Spite History, Family Crest & Coats of Arms
Early Origins of the Spite family
The surname Spite was first found in Yorkshire where William Speyt was recorded in 1297. A few years later William Speght was recorded in the Subsidy Rolls of 1332 in Cumberland (Cumbria). John Speht was recorded at Wakefield, Yorkshire in 1315. 
The name is derived from the Old English words *speoht, *speht, from the Middle English word speight meaning 'wood-pecker'.   
The Yorkshire Poll Tax Rolls of 1379 included: Matilda Speght; Hugo Speght; and Johanna Spite. 
Early History of the Spite family
This web page shows only a small excerpt of our Spite research. Another 35 words (2 lines of text) covering the years 1600, 1598 and 1697 are included under the topic Early Spite History in all our PDF Extended History products and printed products wherever possible.
Spite Spelling Variations
Spelling variations of this family name include: Spaight, Speight, Speaight, Spait, Spate and others.
Early Notables of the Spite family (pre 1700)
Another 43 words (3 lines of text) are included under the topic Early Spite Notables in all our PDF Extended History products and printed products wherever possible.
Migration of the Spite family to Ireland
Some of the Spite family moved to Ireland, but this topic is not covered in this excerpt.
Another 120 words (9 lines of text) about their life in Ireland is included in all our PDF Extended History products and printed products wherever possible.
| Spite migration to the United States ||+|
Some of the first settlers of this family name were:
Spite Settlers in United States in the 17th Century
- William Spite, who arrived in Maryland in 1661 
- William Spite, who landed in Virginia in 1666 
Spite Settlers in United States in the 19th Century
- Jonathan Spite, who landed in New York, NY in 1817 
The motto was originally a war cry or slogan. Mottoes first began to be shown with arms in the 14th and 15th centuries, but were not in general use until the 17th century. Thus the oldest coats of arms generally do not include a motto. Mottoes seldom form part of the grant of arms: Under most heraldic authorities, a motto is an optional component of the coat of arms, and can be added to or changed at will; many families have chosen not to display a motto.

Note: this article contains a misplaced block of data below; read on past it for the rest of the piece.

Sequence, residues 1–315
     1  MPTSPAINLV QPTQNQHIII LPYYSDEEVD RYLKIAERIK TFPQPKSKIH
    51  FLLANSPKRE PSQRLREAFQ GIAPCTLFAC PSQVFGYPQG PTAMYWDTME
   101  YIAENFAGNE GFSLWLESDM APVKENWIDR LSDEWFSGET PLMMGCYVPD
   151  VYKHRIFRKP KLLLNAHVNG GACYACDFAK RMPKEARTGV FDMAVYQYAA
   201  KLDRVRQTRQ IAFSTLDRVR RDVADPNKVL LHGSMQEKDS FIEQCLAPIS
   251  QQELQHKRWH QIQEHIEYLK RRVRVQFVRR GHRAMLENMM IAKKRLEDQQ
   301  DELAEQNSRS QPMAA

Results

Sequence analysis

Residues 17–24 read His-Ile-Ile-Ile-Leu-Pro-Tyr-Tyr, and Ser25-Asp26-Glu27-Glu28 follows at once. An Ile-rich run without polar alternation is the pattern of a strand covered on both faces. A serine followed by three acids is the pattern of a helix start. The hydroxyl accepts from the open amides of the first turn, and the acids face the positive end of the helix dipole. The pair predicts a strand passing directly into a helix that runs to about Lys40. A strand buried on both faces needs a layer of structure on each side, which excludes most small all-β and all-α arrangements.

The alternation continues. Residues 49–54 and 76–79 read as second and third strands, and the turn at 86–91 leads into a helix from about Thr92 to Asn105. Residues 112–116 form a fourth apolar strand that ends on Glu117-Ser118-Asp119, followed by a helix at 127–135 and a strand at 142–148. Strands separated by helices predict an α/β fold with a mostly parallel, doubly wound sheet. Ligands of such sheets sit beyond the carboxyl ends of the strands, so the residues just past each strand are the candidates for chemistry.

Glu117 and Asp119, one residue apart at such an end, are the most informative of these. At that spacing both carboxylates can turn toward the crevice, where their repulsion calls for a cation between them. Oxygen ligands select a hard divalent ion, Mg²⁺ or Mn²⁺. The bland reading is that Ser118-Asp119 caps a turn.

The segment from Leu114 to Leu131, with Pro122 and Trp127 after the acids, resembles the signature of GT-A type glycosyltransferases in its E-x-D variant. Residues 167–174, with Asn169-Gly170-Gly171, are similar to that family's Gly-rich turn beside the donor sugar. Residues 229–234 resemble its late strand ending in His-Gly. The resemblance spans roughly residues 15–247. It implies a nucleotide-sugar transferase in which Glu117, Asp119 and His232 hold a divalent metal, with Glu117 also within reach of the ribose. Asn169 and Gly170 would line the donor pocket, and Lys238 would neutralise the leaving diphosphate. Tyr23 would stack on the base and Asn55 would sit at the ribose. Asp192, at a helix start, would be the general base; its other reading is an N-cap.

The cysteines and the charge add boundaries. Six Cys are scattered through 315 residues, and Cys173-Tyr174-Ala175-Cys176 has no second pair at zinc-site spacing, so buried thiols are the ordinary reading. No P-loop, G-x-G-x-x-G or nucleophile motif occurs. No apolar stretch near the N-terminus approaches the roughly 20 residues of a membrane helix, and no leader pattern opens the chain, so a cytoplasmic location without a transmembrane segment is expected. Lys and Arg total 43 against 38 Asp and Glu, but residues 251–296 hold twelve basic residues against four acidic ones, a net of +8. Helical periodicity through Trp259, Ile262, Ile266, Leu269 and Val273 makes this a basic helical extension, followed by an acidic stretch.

Motto: Vi et virtute
Motto Translation: By strength and valour.
- Reaney, P.H and R.M. Wilson, A Dictionary of English Surnames. London: Routledge, 1991. Print. (ISBN 0-415-05737-X)
- Harrison, Henry, Surnames of the United Kingdom: A Concise Etymological Dictionary Baltimore: Geneological Publishing Company, 2013. Print
- Bardsley, C.W, A Dictionary of English and Welsh Surnames: With Special American Instances. Wiltshire: Heraldry Today, 1901. Print. (ISBN 0-900455-44-6)
- Filby, P. William, Meyer, Mary K., Passenger and immigration lists index : a guide to published arrival records of about 500,000 passengers who came to the United States and Canada in the seventeenth, eighteenth, and nineteenth centuries. 1982-1985 Cumulated Supplements in Four Volumes Detroit, Mich. : Gale Research Co., 1985, Print (ISBN 0-8103-1795-8)